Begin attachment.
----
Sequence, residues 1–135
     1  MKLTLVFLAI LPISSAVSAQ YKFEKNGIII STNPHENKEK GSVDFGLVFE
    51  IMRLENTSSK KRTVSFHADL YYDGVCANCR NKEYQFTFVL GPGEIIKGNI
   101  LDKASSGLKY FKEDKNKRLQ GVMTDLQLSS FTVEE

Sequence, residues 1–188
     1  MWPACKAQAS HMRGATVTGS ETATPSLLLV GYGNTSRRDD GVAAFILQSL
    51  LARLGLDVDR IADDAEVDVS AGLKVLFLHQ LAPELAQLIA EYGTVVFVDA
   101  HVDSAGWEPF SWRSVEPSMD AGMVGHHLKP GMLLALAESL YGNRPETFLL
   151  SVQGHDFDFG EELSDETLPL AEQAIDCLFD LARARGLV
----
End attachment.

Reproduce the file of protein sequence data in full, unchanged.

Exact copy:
Sequence, residues 1–135
     1  MKLTLVFLAI LPISSAVSAQ YKFEKNGIII STNPHENKEK GSVDFGLVFE
    51  IMRLENTSSK KRTVSFHADL YYDGVCANCR NKEYQFTFVL GPGEIIKGNI
   101  LDKASSGLKY FKEDKNKRLQ GVMTDLQLSS FTVEE

Sequence, residues 1–188
     1  MWPACKAQAS HMRGATVTGS ETATPSLLLV GYGNTSRRDD GVAAFILQSL
    51  LARLGLDVDR IADDAEVDVS AGLKVLFLHQ LAPELAQLIA EYGTVVFVDA
   101  HVDSAGWEPF SWRSVEPSMD AGMVGHHLKP GMLLALAESL YGNRPETFLL
   151  SVQGHDFDFG EELSDETLPL AEQAIDCLFD LARARGLV